(This has first published on Firstpost.com)
Sing along with me. Twinkle twinkle little star… . Because none of you have reached director Vidhu Vinod Chopra’s IQ level, every exposition in his Hollywood debut, Broken Horses, is overtly laid out.
For example, the film title, Broken Horses, explains the genre. It's about two brothers, set in cowboy land. One is a gun-toting Buddy (Chris Marquette, straight hair) and the other, a violin-playing Jakey (Anton Yelchin, nice curls).
As a child, Buddy naively believes the first lie told by the drug lord Hench (Vincent D’Onofrio), regarding the murder of Buddy and Jake's Sheriff father. Buddy shoots the “killer” and joins Hench’s gang. Younger brother, Jakey is packed off to study music in New York. Years later, Jakey comes back for his wedding. Seeing the two together, Hench suspects he will lose Buddy. So, naturally, he decides to have Jakey killed.
You can take a boy out of Bollywood, but you can’t take Bollywood out of him.
Sometimes, though not often, Chopra opts for subtlety in Broken Horses. For instance, Hench recoils in horror at the sight of a candle flame. A faint background tune — “Twinkle Twinkle Little Star” — hints at a past memory and a present fear of fire.
In 1989, Hench's character was brown and introduced to us as Anna (Nana Patekar) in Chopra’s award-winning, Parinda. It won two National awards, five Filmfare awards and was India’s official entry for the 1990 Oscars. But these Americans, they did not see the smart director in Chopra. They only noticed Shekhar Kapur.
Parinda was well-crafted, slickly-written and brilliantly executed. Yes, there were similarities to the 1954 film, On The Waterfront, but the phobic Anna was distinctive and simply volcanic. For some reason, Chopra decided to tone down the fire in Broken Horses and let go of the symbolic pigeons of Parinda. (Kabutar ja ja ja… .)
So, in Broken Horses, Hench is understated. This time, the hero, Buddy, lights a cigar for Hench and Hench simply turns his back. But Chopra has set it up so obviously that even kindergarten kids know what’s coming next.
It turns out, Vincent D’Onofrio is no Nana Patekar. He just goes along with the moves.
One suspects Chopra thinks we are like Buddy. Poor fellow always mixed up his b’s and d’s and spelt his name as Dubby. To underscore this point and make an exhibition of his limited acting skills, Marquette does not move beyond a single, vacuous expression.
But hold your horses, broken as they may be. This film isn’t exactly Parinda. Chopra has actually eliminated all that was great about Parinda in order to be Hollywood-worthy, including the tender, lovemaking finale between Anil Kapoor and Madhuri Dixit. No Hindi film has ever matched the utter pathos of that explosive climax.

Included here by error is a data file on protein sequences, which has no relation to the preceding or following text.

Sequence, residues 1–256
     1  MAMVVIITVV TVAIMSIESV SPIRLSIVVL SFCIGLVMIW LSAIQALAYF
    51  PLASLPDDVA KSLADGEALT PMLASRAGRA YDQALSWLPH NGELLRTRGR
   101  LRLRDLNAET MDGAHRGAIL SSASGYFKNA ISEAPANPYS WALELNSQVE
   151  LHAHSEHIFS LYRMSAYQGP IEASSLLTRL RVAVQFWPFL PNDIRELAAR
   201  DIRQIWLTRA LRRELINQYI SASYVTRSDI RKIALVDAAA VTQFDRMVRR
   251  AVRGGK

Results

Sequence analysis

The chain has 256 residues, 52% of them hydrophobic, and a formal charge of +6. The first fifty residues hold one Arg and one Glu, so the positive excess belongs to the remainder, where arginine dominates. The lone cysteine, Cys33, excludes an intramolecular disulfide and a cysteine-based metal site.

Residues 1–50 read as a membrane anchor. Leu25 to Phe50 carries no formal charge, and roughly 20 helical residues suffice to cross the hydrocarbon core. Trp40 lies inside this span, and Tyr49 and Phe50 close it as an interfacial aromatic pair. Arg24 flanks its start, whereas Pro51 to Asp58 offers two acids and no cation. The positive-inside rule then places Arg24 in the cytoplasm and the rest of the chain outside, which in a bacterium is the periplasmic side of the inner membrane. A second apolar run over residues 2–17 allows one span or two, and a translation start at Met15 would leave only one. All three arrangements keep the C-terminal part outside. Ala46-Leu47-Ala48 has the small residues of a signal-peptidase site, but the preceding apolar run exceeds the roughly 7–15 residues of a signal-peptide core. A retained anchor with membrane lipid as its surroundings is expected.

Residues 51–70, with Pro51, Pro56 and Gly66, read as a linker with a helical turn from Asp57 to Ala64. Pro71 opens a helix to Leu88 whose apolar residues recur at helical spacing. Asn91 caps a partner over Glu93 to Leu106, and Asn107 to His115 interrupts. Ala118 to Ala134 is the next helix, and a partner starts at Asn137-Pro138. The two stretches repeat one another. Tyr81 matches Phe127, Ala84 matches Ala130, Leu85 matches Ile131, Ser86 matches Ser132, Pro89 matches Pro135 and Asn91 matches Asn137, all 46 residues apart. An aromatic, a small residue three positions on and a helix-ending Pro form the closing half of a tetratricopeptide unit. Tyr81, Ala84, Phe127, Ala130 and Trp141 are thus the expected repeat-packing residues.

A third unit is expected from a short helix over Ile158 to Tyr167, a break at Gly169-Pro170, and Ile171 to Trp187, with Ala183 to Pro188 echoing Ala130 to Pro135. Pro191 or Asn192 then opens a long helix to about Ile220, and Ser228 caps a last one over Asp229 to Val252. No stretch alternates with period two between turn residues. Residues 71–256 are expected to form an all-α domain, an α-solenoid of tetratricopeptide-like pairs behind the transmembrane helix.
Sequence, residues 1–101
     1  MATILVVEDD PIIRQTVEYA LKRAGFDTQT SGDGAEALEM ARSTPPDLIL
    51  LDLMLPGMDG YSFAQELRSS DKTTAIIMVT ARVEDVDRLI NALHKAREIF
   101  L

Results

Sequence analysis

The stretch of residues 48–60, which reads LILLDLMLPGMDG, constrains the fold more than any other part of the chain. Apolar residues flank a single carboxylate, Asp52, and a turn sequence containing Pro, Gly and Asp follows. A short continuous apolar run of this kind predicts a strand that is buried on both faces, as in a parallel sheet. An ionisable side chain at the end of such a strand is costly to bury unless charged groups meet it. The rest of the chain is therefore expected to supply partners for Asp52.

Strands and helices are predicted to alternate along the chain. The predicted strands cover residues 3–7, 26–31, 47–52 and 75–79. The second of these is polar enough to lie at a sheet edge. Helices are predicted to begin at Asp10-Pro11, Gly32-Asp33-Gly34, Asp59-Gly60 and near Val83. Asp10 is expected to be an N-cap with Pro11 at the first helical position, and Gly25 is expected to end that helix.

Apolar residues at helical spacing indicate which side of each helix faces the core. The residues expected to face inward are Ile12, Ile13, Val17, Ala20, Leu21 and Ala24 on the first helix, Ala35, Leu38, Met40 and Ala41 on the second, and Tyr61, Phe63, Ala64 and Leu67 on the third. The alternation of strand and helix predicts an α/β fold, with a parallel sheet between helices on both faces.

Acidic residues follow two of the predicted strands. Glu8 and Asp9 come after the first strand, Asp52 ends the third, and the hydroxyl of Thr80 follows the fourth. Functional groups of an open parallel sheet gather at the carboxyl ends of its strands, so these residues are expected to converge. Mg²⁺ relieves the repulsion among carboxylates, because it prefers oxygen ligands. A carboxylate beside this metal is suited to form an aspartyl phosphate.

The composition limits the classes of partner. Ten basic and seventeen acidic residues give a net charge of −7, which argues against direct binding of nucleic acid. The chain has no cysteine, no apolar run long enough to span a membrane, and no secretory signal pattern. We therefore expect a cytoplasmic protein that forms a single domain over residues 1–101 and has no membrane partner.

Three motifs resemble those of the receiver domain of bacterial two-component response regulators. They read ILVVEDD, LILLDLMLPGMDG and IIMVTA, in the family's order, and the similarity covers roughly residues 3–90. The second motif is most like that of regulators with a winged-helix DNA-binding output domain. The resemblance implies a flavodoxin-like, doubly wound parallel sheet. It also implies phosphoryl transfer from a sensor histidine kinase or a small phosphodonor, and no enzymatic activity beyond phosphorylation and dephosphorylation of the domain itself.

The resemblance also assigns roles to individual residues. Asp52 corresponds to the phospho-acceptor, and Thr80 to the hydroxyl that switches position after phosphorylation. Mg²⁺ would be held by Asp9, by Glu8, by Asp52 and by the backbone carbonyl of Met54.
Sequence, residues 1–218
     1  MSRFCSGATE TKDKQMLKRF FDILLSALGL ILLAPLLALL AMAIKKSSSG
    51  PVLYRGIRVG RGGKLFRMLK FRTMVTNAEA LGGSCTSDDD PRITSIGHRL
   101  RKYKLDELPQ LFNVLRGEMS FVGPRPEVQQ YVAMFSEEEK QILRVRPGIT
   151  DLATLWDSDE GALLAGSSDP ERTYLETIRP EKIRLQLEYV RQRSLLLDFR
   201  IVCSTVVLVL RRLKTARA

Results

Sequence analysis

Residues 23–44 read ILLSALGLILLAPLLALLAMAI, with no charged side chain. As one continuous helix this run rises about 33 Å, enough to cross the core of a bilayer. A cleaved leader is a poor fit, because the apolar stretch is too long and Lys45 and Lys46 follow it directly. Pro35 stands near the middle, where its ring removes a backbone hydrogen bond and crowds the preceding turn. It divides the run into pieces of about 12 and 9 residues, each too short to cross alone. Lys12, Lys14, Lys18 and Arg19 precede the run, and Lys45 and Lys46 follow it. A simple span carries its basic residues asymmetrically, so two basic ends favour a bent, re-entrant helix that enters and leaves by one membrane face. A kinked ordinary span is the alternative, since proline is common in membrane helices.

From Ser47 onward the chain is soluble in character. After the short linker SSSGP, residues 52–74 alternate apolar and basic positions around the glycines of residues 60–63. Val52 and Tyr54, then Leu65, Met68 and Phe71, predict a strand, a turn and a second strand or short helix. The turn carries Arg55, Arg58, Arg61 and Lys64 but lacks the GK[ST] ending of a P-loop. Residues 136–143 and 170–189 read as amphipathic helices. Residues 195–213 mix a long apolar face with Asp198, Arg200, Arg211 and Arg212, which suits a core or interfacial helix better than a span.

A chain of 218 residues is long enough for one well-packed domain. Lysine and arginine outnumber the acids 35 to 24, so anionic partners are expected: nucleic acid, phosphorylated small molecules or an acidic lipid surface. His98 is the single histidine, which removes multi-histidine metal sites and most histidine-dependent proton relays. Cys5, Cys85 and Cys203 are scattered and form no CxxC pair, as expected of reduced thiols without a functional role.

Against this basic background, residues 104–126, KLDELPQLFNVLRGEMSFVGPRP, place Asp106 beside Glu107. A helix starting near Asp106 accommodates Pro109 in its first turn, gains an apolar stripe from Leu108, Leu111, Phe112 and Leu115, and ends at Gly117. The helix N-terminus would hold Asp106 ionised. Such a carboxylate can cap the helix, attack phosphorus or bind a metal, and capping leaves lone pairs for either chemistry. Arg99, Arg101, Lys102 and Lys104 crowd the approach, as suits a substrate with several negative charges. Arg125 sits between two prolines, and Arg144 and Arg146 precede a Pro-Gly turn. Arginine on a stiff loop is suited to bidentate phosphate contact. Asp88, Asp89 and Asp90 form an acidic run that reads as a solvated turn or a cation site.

Broken Horses does not get into ’80s’ melodrama — except every time Buddy talks in that unconvincing, thick accent; except in that age-old brothers’ theme; except in the plot.
Chopra seems to have a thing for Westerns and so, he tries to try to do a Clint Eastwood by setting his film on the Mexican border, in a ranch, at a vague time period defined as “15 years before” (before what?) and move gradually into the future.
The script is by Chopra and Abhijat Joshi, who may be making an English film set in the West but don’t believe in getting an American co-writer. Who cares if the dialogues sound flat and on the nose? As for horses, a single white ‘unbroken’ horse does make an appearance towards the end. Jakey’s sweet girlfriend (Maria Valverde) gets to ride the beauty. She is half dressed in a shirt, at the time. Not quite Lady Godiva, but hey.
Emmy nominated Mary Vogt did the costumes and manages to ensure none of the characters look dusty, weathered or sun-burnt. So what if they live and work on a ranch. Art director, Christopher Tandon, has previously worked on the Kill Bill films.The lakeside ranch itself looks more like a Disney version of a ranch — pretty but like a fairy-tale setting, which isn't what you expect in a cowboy Western.
Broken Horses also boasts of having Oscar-nominated cinematographer, Tom Stern, who shot Changeling and Million Dollar Baby among others. Stern takes some fine shots of the Mexican landscape. A particular stunning one shows whirling film reels during a murder sequence.
The publicity for the film has included gushing praise from big, Hollywood names. Director James Cameron said, “The film just wraps around you like a snake that squeezes.” Maybe we should send all the Bollywood variations of Nagin to him. It may help Cameron to appreciate the power of song, dance and music in Indian cinema.
If not anything else, Cameron should hear R D Burman’s “Pyaar ke mod pe” from Parinda.
(This writer has decided to rewatch the cult classic Parinda and Khamosh to regain her faith in Chopra. She is opting to forget Eklavya.)